London - A mother tried to kill her baby by poisoning her with salt, a court heard on Monday.

She used Google to check safe levels of sodium before allegedly force-feeding it to the 18-month-old.

Her daughter consumed 21-24g – three times the recommended limit for children aged between one and three, Truro Crown Court was told.

Medical staff said it was a miracle the baby had suffered no lasting damage.

The mother, from St Austell in Cornwall, is in her late twenties but cannot be named for legal reasons.

She denies unlawfully and maliciously administering salt in April 2016.

Peter Coombe, prosecuting, said paramedics responding to an emergency call found the child was limp and unresponsive. He added: ‘She was taken to Royal Cornwall Hospital by air ambulance and then on to Bristol for treatment.

‘Medical experts say between 21 and 24g were administered and this had to be done by force-feeding in a drink or runny food. There is no question of the child being able to consume such a quantity of salt and the only person in a position to do so was the defendant. Children never voluntarily eat or ingest such dangerous levels of salt because of the taste and extreme nausea it would cause.’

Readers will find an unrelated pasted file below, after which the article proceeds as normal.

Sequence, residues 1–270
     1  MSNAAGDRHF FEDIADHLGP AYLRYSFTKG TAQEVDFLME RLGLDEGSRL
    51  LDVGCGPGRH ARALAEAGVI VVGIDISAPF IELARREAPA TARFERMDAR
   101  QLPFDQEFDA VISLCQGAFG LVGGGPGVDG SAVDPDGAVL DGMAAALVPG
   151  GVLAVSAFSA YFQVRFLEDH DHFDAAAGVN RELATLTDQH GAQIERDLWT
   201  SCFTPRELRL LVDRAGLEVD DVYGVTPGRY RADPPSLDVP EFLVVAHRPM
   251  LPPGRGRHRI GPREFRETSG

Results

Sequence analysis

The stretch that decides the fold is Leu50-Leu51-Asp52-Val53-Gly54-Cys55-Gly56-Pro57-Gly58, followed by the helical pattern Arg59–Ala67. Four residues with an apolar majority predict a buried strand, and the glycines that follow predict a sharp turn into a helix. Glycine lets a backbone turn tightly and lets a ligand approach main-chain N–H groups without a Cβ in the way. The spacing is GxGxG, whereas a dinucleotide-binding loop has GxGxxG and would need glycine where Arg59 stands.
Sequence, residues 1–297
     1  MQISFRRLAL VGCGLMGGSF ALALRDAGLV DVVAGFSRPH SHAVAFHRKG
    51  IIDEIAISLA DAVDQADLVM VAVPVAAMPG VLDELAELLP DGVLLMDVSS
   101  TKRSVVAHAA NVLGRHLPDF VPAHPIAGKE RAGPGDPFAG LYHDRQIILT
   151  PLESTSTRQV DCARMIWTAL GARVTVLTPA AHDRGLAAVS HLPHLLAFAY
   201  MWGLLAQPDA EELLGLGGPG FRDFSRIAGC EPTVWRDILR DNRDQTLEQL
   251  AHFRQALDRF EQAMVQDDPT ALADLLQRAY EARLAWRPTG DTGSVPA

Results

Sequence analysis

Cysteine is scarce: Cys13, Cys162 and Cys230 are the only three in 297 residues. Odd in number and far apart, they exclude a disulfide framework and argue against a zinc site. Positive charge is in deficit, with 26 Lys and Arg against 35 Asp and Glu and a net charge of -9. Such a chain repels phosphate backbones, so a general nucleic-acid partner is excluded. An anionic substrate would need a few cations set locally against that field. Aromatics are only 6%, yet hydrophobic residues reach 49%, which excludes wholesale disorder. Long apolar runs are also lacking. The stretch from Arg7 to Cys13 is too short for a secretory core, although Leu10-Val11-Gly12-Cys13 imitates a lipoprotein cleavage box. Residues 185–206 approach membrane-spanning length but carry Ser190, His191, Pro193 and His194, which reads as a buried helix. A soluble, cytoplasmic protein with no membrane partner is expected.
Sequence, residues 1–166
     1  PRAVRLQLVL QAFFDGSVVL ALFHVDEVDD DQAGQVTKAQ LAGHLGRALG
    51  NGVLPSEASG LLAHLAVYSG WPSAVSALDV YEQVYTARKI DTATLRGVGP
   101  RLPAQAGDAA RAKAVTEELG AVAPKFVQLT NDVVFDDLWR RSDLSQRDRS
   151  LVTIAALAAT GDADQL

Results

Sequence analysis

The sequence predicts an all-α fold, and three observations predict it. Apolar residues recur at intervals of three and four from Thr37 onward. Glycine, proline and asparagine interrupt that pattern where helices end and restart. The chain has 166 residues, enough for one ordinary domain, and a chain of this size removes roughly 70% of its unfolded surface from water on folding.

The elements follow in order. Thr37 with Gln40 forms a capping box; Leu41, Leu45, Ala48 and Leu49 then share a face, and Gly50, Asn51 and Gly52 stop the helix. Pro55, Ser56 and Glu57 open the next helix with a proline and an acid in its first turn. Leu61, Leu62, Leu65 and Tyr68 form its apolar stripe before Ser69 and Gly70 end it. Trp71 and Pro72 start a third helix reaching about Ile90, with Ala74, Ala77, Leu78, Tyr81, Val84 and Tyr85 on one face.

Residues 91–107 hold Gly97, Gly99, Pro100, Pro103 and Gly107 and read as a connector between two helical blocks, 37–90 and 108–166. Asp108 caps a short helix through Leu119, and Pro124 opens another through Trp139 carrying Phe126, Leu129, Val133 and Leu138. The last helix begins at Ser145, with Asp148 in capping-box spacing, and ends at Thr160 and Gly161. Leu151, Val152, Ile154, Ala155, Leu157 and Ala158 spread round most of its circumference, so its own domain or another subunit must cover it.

When the child was admitted to hospital, medical staff presumed it was a case of sepsis before discovering the high sodium levels.

Dr Malcolm Coulthard ruled out dehydration and could find no evidence of kidney failure. Mr Coombe said: ‘The defendant’s search history shows she carried out a search on her phone the day before about what the appropriate amount of salt for an 18-month child is.

‘But she said she did so because her lips were white and she had nephews whose lips went white when they had too much salt.

‘However this was not something she mentioned on the night she went to hospital.

‘The defendant’s behaviour is very curious and it was her mother who contacted the emergency services.’

The trial, which is expected to last all week, continues.